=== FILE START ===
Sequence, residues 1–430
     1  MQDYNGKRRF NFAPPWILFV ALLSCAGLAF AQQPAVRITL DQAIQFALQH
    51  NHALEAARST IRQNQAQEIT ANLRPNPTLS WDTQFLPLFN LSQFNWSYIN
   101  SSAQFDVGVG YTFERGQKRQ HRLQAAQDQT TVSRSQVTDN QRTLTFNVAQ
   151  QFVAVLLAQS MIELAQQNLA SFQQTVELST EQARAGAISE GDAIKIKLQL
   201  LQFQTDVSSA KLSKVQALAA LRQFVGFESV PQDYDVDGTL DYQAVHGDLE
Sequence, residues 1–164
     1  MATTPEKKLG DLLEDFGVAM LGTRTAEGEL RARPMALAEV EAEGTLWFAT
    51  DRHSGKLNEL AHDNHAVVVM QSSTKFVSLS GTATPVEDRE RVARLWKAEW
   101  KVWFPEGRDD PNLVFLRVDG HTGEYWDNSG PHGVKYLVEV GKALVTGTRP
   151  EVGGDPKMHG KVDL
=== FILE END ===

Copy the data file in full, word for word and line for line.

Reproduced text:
Sequence, residues 1–430
     1  MQDYNGKRRF NFAPPWILFV ALLSCAGLAF AQQPAVRITL DQAIQFALQH
    51  NHALEAARST IRQNQAQEIT ANLRPNPTLS WDTQFLPLFN LSQFNWSYIN
   101  SSAQFDVGVG YTFERGQKRQ HRLQAAQDQT TVSRSQVTDN QRTLTFNVAQ
   151  QFVAVLLAQS MIELAQQNLA SFQQTVELST EQARAGAISE GDAIKIKLQL
   201  LQFQTDVSSA KLSKVQALAA LRQFVGFESV PQDYDVDGTL DYQAVHGDLE
Sequence, residues 1–164
     1  MATTPEKKLG DLLEDFGVAM LGTRTAEGEL RARPMALAEV EAEGTLWFAT
    51  DRHSGKLNEL AHDNHAVVVM QSSTKFVSLS GTATPVEDRE RVARLWKAEW
   101  KVWFPEGRDD PNLVFLRVDG HTGEYWDNSG PHGVKYLVEV GKALVTGTRP
   151  EVGGDPKMHG KVDL